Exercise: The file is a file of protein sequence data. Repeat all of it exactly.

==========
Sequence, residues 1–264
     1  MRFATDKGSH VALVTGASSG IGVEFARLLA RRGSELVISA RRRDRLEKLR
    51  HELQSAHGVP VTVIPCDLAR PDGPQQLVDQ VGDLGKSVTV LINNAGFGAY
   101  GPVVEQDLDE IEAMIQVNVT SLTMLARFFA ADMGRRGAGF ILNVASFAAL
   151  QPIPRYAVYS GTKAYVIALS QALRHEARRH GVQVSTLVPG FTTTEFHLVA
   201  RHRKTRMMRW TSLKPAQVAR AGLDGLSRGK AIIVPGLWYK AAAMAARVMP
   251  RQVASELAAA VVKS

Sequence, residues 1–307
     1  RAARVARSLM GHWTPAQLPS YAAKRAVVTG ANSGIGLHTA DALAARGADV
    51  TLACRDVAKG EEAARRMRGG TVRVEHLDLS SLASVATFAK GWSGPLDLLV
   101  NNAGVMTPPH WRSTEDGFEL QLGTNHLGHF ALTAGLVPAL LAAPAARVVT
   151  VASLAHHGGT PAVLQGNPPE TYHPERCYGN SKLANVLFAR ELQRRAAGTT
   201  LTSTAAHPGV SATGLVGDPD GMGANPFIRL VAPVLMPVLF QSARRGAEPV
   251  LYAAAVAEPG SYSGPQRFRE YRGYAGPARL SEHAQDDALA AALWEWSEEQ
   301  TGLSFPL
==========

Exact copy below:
Sequence, residues 1–264
     1  MRFATDKGSH VALVTGASSG IGVEFARLLA RRGSELVISA RRRDRLEKLR
    51  HELQSAHGVP VTVIPCDLAR PDGPQQLVDQ VGDLGKSVTV LINNAGFGAY
   101  GPVVEQDLDE IEAMIQVNVT SLTMLARFFA ADMGRRGAGF ILNVASFAAL
   151  QPIPRYAVYS GTKAYVIALS QALRHEARRH GVQVSTLVPG FTTTEFHLVA
   201  RHRKTRMMRW TSLKPAQVAR AGLDGLSRGK AIIVPGLWYK AAAMAARVMP
   251  RQVASELAAA VVKS

Sequence, residues 1–307
     1  RAARVARSLM GHWTPAQLPS YAAKRAVVTG ANSGIGLHTA DALAARGADV
    51  TLACRDVAKG EEAARRMRGG TVRVEHLDLS SLASVATFAK GWSGPLDLLV
   101  NNAGVMTPPH WRSTEDGFEL QLGTNHLGHF ALTAGLVPAL LAAPAARVVT
   151  VASLAHHGGT PAVLQGNPPE TYHPERCYGN SKLANVLFAR ELQRRAAGTT
   201  LTSTAAHPGV SATGLVGDPD GMGANPFIRL VAPVLMPVLF QSARRGAEPV
   251  LYAAAVAEPG SYSGPQRFRE YRGYAGPARL SEHAQDDALA AALWEWSEEQ
   301  TGLSFPL